(The following was originally posted on my Carepages blog for family and friends during my treatment.)
I’m counting the days right now until Thursday the 15th when I am slated to have my last chemo infusion. Two or three days after that, I will likely hide out in my cave, shuffle my way through the handful of side effects that come with the treatment, and then take a deep breath knowing that my body can truly begin to recover without being attacked by toxic chemicals. I see my surgeon on the 23rd of June, at which time I believe he will schedule and discuss my mastectomy surgery. It appears he will schedule it quickly, based on prior discussions we’ve had.
As I write this, my elder cat, a mere five-pound puffball of fur and fuzz, sits at attention on the stool opposite the front door. Normally, Wizard would use this time of day for her morning nap and, since the blinds are closed, I know she isn’t watching the birds at the feeder. I’ve decided she is praying. I don’t know if cat’s pray, but that’s what it looks like. The sun trickles through the blinds and dapples her body. She sits very still (not her normal M.O.). I am pondering what cats would pray about.
I miss my hair. It’s funny. I don’t have to spend money on lots of hair products, fuss with straggling ends, worry about style. Weather permitting, Tim and I do a lot of porch sitting. We live across from a small lake and beach. I watch the women who come and go from the lake and what they do with their hair. I’m certain when mine grows back I will return to fussing over it as I once did. For now, it’s just one less thing I have to worry about—and that’s okay.
I have yet to go public with any of my situation but have pondered doing so. Up until now, I have wanted to avoid filling my head with everyone’s opinions about how I should heal myself as well as keeping my mind clear of others’ stories and side effects. Strange as it sounds, if I don’t know it can happen, my mind won’t manifest it. Even though I have had a laundry list of reactions from the varying chemo cocktails, I feel I have been lucky in that they have been minor. Every day I see people who are far worse off than me—and not just from cancer. Still, sometimes I like to whine.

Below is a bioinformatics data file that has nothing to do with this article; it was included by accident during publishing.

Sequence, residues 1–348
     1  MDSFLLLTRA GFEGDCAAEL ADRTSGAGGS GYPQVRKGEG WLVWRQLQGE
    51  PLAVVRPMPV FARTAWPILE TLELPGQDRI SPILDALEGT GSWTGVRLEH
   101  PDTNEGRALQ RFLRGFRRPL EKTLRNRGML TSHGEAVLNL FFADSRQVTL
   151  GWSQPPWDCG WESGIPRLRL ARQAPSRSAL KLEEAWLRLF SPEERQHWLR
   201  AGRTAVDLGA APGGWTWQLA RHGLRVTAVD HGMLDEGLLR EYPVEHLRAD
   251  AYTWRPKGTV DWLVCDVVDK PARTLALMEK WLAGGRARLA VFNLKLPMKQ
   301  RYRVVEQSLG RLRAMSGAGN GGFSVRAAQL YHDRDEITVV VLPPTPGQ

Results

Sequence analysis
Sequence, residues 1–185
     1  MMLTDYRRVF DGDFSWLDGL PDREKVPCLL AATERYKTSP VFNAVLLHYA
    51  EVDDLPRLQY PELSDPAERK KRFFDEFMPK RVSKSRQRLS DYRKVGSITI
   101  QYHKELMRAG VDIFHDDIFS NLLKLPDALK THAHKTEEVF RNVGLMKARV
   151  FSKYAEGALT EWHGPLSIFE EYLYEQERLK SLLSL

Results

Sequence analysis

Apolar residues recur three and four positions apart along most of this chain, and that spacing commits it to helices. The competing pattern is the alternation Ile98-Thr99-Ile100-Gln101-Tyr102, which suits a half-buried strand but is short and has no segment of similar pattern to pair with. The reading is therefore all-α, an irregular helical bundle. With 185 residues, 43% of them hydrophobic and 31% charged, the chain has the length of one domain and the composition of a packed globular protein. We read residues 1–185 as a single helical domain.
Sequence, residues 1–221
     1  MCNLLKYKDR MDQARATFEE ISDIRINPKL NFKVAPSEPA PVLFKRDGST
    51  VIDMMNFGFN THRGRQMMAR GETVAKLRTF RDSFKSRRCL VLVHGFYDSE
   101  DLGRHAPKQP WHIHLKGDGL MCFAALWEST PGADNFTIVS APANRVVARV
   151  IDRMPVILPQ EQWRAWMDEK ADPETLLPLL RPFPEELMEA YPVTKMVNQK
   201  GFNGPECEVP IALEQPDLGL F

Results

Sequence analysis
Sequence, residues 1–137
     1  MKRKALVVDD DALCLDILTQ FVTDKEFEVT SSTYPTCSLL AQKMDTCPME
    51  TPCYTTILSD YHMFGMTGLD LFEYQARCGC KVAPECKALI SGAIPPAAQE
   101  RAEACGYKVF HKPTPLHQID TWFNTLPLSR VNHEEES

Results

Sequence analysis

I’ve continued to work on the revision of my Transformational Healing book. I’m hoping to release it by September or thereabouts. When that occurs, I’ll need to be more public, thus my considering going public now. The most difficult part has been writing the updated epilogue. How does one profess to be a healer while amidst a healing crisis? (This is actually more common that you might think.) Since the book presents ailments as a means to look more deeply into one's life, my hope is they will embrace the journey with me, rather than feel it discredits my years of work. Once that is done, I can work on the heritage card deck that serves as the next step after the book.
Thanks again to all of you for your prayers, support, understanding, cards, letters, posts, and calls. It has meant the world to me at a time when my world is upside down and backward. I wonder what my new normal will be on the other side of this big adventure and hope I have learned well enough the lessons it has brought. I certainly have made many shifts in actions and in thought. Still. I know life will continue to be a journey with many new twists and turns all along the way. I have always strived to be a little better each day. I know now I also need to appreciate the person that I am who will never be perfect but desires to matter every day.
If I could impart one thing to you all, that would be it. Know that you matter in some way to someone each and every day. You don’t have to be perfect. Just by being you, you are touching someone’s life and are making a difference—even if you don’t realize it at the time. This not only affects the people you come in contact with each day, but also those who are at a distance and connect with you through thought, love, and prayer. I know in my life, each one of you matters a lot. Thank you.